Wellness & Weight Loss: From Resolutions to SMART Goals

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By: Katelin Gallagher

Many of you have 6-12 months until your wedding day and looking great in your bridal gown tops your to-do list of 2009.  What a perfect time to forge ahead, as you set out to be the best you for your wedding day.  A new year, a new you.  How many times have you resolved to lose weight, come January 1?  Did you ever succeed in doing what you hoped to do?  While a resolution can be a beautiful thing, backing up your resolution with SMART goals is the way to actual and long lasting results.  So, let’s forget about the word resolution for a while, and simply resolve to make SMART goals now and in the future, for a healthy, beautiful body for your wedding day and for life.

What is a SMART goal?
SPECIFIC
MEASURABLE
ATTAINABLE
REALISTIC
TIME-BOUND

SMART goal setting can be applied to and is the foundation for achievement in various areas of life. In your work life, you may have encountered this acronym and utilized it to advance your career or your company.  It is time to invest in You. Take the time to plan and utilize the necessary tools to finally become the “new you” that you have desired for so long. Whether your goals include weight loss, looking more fit, or simply leading a more balanced life, setting your SMART goals is the first step in any successful wellness action plan.


 


SMART Goals: Up Close and Personal


Specific. A specific goal is more likely to be attained than a general goal, as it segments the goal, and the tasks involved, in a way that can be easily conceptualized.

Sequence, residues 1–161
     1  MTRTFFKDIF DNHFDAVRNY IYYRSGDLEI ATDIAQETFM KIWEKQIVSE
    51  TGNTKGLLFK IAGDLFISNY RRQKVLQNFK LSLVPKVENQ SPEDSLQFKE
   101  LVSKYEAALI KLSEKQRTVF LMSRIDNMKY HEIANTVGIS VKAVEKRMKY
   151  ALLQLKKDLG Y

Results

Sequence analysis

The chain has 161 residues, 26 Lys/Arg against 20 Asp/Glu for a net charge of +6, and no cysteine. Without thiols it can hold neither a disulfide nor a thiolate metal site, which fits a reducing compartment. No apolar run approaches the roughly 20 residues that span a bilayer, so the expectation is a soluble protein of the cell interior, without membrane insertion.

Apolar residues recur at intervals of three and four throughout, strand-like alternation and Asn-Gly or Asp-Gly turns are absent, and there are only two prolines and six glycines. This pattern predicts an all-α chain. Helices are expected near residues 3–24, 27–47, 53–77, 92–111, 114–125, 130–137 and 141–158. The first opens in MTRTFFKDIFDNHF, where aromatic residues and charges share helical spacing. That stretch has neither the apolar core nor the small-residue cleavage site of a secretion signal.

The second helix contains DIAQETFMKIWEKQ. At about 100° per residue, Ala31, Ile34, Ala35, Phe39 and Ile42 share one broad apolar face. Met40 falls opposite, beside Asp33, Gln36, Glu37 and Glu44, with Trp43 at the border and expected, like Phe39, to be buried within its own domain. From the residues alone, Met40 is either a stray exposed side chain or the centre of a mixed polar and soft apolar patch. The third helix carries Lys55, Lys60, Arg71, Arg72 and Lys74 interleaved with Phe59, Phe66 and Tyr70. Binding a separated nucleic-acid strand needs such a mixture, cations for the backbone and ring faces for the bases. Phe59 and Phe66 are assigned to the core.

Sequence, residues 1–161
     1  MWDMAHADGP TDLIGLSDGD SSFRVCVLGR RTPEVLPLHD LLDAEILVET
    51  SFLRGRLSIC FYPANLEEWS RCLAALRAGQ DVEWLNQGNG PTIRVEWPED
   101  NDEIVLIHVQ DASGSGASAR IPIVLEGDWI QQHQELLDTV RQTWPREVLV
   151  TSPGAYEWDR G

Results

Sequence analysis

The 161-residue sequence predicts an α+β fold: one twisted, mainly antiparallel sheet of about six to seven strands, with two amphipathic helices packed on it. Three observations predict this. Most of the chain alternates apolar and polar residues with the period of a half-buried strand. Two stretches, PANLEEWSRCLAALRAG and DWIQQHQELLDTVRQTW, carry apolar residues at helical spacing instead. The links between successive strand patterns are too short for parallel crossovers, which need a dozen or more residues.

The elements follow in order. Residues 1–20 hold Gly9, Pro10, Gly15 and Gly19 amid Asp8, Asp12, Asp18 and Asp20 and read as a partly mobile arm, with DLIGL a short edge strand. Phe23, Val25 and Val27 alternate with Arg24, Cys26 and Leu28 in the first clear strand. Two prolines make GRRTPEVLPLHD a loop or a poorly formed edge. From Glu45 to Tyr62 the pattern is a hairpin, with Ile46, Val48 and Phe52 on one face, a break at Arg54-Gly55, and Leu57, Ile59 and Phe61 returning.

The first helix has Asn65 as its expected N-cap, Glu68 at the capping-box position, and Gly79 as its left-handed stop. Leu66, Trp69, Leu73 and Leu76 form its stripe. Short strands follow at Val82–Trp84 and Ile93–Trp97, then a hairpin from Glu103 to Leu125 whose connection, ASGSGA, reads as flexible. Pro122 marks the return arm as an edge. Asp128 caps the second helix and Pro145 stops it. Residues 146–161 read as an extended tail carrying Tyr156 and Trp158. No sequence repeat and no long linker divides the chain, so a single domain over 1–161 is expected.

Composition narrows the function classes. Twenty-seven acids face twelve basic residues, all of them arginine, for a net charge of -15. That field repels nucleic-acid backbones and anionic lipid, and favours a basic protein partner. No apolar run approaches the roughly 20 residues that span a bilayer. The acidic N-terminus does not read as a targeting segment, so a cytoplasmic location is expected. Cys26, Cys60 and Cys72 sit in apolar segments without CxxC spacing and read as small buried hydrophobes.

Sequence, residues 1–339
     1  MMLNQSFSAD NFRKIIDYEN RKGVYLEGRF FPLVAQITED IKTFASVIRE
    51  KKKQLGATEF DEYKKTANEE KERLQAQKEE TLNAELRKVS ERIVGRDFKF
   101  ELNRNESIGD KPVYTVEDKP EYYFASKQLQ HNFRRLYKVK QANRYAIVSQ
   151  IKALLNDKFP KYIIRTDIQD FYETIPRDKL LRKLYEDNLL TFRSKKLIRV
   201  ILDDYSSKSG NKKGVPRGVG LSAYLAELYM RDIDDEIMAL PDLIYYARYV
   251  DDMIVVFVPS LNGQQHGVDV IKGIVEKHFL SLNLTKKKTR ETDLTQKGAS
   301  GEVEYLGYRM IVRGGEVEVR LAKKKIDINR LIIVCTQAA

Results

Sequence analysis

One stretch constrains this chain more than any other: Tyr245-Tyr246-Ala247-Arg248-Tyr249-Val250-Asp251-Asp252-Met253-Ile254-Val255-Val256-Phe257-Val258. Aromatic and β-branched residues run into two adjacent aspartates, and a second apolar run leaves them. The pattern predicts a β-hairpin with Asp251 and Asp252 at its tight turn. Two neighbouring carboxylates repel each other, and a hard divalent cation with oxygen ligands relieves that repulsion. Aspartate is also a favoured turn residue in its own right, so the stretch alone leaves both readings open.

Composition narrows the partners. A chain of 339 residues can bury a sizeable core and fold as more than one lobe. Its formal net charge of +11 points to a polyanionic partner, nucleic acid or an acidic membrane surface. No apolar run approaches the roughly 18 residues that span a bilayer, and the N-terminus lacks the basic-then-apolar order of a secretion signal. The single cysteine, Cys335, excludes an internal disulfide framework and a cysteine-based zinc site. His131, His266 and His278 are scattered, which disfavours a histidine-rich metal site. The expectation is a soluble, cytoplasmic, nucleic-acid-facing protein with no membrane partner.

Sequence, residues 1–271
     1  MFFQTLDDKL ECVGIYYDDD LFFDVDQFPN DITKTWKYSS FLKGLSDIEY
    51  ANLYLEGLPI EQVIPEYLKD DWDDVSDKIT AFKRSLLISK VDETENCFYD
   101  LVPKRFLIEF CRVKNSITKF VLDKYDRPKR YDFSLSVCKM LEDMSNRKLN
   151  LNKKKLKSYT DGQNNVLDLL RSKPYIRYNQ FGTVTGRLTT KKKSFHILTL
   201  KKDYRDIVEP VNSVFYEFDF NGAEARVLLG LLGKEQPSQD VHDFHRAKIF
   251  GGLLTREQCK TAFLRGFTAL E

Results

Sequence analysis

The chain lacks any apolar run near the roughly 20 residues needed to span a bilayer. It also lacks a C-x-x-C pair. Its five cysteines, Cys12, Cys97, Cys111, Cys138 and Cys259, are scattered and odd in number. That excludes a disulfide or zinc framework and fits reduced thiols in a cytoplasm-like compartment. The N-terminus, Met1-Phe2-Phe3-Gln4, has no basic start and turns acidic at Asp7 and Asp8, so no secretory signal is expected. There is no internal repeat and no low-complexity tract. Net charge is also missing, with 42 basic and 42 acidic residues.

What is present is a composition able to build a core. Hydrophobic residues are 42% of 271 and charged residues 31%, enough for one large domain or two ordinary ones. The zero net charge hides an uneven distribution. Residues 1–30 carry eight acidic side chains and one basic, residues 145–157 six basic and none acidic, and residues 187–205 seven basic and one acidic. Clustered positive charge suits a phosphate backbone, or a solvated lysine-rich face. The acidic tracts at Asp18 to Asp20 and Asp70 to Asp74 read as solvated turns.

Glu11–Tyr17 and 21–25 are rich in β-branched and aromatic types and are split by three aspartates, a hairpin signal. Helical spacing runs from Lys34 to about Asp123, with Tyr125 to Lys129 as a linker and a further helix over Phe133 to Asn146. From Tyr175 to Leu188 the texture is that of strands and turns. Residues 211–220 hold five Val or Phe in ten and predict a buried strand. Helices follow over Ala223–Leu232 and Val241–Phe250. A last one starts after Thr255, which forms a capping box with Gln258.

Resolution: I resolve to lose weight in 2009.
What?...........How? Where? When? Why? 


SMART Goal:  I will lose 15 pounds by burning 300 calories per day while I walk briskly for an hour at the gym each day after work.  I will reduce my daily calorie intake by 200 calories by skipping my daily dessert of ice cream, and opting for a lower calorie treat.  By creating a deficit of 500 calories per day, I will lose one pound per week.



    The example above is a well-defined goal that addresses the questions of how, where, when, and why. Not only does it address the big picture of overall weight loss, but also the avenues that will be taken to achieve that goal.



Measurable. The goals set should be easily measurable so that progress can be monitored.  This can help to keep motivation strong and the information can be used to set new goals once others have been achieved.


Resolution: I resolve to have six pack abs in 2009. 
How will you know when this has been accomplished?  How will you track your progress?


SMART Goal: In addition to losing 1 pound per week (15 pounds total), I will lose two inches off of my waist and two inches off of my hip measurement.  I will improve core strength and muscular definition by devoting 15 minutes time to core exercise, 4 times per week.


    The goals set thus far are measurable in many ways: time spent walking or exercising, daily calorie intake, pounds lost, and inches lost.  Progress and adherence to goals can be measured on a daily, weekly, and month


ly basis.  Celebrate smaller successes that contribute to your longer-term goals.